Within the documents held at The National Archives are rich, inter-governmental department conversations – something I was reminded of when researching the reasons for the delay of the award of the Victoria Cross to Frederick Parslow.
The 1915 project to index the Crew Lists and Agreements for the Merchant Navy has just been successfully released and during the course of the project we found many, many interesting stories which I hope to share via other blogs. However, one story we found inspired us to launch the project to mark the anniversary.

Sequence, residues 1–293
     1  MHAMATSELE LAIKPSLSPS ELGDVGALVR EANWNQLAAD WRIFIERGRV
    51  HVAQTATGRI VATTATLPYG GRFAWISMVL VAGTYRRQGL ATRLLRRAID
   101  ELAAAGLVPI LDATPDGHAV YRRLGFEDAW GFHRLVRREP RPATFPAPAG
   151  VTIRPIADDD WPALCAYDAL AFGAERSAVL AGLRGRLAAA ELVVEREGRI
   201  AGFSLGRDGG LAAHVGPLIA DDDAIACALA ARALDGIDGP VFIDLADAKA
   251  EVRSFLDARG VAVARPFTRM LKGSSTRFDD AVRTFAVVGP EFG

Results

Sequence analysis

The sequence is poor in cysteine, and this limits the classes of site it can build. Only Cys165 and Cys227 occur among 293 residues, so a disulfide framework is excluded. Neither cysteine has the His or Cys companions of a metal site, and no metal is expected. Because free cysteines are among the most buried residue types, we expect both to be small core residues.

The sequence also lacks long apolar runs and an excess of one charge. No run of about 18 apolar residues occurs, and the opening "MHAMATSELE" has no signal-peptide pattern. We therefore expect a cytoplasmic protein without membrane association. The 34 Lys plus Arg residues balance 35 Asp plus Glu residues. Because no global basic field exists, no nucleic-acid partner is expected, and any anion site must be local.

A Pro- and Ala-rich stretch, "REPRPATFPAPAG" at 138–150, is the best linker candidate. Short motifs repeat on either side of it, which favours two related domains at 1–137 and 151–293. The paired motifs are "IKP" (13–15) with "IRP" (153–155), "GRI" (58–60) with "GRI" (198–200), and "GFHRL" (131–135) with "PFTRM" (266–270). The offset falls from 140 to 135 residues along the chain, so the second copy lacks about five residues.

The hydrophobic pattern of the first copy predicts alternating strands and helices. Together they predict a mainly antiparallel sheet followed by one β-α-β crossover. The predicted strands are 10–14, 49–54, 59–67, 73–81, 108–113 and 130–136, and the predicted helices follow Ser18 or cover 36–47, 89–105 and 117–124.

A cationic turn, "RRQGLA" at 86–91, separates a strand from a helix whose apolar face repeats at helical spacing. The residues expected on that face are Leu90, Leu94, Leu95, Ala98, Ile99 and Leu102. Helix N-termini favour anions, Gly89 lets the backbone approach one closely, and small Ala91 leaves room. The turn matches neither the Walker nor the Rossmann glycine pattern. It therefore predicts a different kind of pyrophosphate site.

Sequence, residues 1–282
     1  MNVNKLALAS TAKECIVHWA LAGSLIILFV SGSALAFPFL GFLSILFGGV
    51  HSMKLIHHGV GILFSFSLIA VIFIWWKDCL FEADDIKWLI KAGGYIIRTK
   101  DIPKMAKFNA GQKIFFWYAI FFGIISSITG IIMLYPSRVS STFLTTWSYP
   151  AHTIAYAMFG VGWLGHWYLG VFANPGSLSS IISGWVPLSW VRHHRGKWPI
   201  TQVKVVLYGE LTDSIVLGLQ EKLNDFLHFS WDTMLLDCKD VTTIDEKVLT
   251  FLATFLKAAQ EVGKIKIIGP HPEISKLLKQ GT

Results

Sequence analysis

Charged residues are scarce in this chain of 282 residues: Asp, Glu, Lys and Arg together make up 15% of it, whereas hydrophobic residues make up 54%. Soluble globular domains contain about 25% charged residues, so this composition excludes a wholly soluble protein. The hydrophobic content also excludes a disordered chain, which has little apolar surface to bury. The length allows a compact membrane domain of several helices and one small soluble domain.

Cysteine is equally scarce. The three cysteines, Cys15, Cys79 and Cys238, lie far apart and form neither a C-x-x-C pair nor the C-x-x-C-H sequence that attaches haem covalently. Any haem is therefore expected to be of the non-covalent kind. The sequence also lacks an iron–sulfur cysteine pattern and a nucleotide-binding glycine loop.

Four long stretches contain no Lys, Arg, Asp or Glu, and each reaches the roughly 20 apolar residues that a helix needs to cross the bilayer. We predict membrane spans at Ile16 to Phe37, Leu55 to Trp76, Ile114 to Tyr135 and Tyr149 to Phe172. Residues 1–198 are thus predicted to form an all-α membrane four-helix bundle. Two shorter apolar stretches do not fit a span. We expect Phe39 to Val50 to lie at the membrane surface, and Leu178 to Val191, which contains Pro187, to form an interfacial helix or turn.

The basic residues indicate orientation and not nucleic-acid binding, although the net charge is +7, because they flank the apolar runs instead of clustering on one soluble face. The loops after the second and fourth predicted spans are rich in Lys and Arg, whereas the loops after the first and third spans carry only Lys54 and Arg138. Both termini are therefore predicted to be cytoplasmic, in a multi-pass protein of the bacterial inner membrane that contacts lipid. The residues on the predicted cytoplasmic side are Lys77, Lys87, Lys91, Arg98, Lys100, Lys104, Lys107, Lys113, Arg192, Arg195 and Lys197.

At 8am on 4 July 1915 the Anglo-Californian was sailing 90 miles south west of Queenstown, with a cargo of horses destined for the war effort, when a large submarine was sighted about a mile from the port beam. The ship immediately started manoeuvring and an SOS was sent. At 9am the submarine opened fire and kept the ship under fire until 10am when the order to abandon ship was given by the submarine. Captain Parslow stopped the ship to allow men to leave but then received a radio message telling him to hold on. As the ship got underway again the submarine opened fire wrecking the bridge and killing Parslow. His son, who was a mate on board ship, and also called Frederick Parslow, took over the fight until two destroyers arrived on the scene at about 11am and the submarine dived.